Magazine article The New Yorker


Magazine article The New Yorker


Article excerpt

On October 31, 1517, a Roman Catholic priest and theologian, Dr. Martin Luther, put the finishing touches on a series of bullet points and, legend has it, nailed the result to the door of the castle church in Wittenberg, Germany--the equivalent, for the time and place, of uploading a particularly explosive blog post. Luther's was a protest against the sale of chits that were claimed to entitle buyers or their designees to shorter stays in Purgatory. Such chits, known as indulgences, were being hawked as part of Pope Leo X's fund-raising drive for the renovation of St. Peter's Basilica. The "Ninety-five Theses on the Power and Efficacy of Indulgences" touched off a high-stakes flame war that rapidly devolved into the real thing, with actual wars, actual flames, and actual stakes. The theological clash that sundered Christendom didn't just change the face of Western religion; it birthed the modern world.

Half a millennium later, the present agony of Catholicism is very far from being in the same league, even though the National Catholic Reporter has called it "the largest institutional crisis in centuries, possibly in Church history." The crisis is not about doctrine, at least not directly. It's about administration; it's about the structure of power within the Catholic Church; it's about the Church's insular, self-protective clerical culture. And, of course, like nearly every one of the controversies that preoccupy and bedevil the Church--abortion, stem-cell research, contraception, celibacy, marriage and divorce and affectional orientation--it's about sex.

It's also about indulgence--the institutional indulgence, fitful but systemic, of the sexual exploitation of children by priests. The pattern broke into public consciousness in the United States a quarter of a century ago, when a Louisiana priest pleaded guilty to thirty-three counts of crimes against children and was sentenced to prison. Since then, there have been thousands of such cases, civil and criminal, involving many thousands of children and leading to legal settlements that have amounted to more than two billion dollars and have driven several dioceses into bankruptcy. In 1992, Richard Sipe, a Catholic psychotherapist and researcher who served for eighteen years as a priest and Benedictine monk, told a conference of victims that "the current revelations of abuse are the tip of an iceberg, and if the problem is traced to its foundations the path will lead to the highest halls of the Vatican."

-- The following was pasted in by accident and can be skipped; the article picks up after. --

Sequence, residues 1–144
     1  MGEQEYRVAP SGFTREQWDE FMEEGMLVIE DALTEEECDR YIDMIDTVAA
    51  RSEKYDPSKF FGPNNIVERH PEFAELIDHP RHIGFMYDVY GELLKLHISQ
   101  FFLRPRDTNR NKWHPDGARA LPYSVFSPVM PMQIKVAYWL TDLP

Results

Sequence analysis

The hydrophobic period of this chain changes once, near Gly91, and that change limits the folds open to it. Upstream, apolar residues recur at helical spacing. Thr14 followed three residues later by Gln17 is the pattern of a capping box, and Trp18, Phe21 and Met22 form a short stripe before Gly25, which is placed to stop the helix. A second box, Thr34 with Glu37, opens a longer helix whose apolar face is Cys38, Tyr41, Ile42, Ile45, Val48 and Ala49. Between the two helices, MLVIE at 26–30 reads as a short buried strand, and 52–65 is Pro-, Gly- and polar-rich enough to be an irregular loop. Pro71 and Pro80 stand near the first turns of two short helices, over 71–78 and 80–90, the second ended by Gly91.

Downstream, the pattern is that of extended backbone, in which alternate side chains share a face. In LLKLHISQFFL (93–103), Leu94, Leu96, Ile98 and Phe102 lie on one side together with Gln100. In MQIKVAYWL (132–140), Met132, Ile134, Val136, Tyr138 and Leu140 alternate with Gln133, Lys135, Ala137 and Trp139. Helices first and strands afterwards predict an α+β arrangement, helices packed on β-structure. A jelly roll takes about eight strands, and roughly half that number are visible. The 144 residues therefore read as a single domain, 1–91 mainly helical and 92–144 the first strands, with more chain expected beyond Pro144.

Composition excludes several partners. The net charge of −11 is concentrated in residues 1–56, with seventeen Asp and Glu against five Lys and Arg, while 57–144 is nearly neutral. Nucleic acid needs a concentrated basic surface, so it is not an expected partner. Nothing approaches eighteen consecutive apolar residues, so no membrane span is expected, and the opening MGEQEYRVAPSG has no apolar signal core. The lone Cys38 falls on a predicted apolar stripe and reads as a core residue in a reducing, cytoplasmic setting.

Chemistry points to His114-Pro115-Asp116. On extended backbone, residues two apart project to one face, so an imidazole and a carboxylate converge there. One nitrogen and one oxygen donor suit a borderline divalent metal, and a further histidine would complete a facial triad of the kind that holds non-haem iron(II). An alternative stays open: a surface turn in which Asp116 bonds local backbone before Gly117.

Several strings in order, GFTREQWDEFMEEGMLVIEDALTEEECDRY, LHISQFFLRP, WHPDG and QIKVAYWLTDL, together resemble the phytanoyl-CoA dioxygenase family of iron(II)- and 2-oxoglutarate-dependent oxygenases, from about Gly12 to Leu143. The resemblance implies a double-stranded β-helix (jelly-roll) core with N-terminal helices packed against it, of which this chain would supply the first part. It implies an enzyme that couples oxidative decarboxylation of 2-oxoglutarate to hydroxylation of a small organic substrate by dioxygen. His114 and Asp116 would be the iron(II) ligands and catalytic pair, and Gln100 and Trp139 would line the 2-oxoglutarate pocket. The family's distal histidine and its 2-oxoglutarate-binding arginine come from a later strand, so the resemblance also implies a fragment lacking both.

America's liberal system of tort law, along with the enterprising reporting of journalists at newspapers like the Boston Globe, brought the problem to light earlier here than elsewhere. But it can no longer be dismissed as an epiphenomenon of America's sexual libertinism and religious indiscipline. In Ireland, for example, where Church-run orphanages and other institutions for children are supported by the state, a government commission reported last year that

the Dublin Archdiocese's preoccupations in dealing with cases of child sexual abuse, at least until the mid 1990s, were the maintenance of secrecy, the avoidance of scandal, the protection of the reputation of the Church, and the preservation of its assets. All other considerations, including the welfare of children and justice for victims, were subordinated to these priorities.

The past few years have seen a cascade of revelations from many countries, including, most recently, Germany, and in the past month the cascade has become a flood. Sipe's prediction has come true. …

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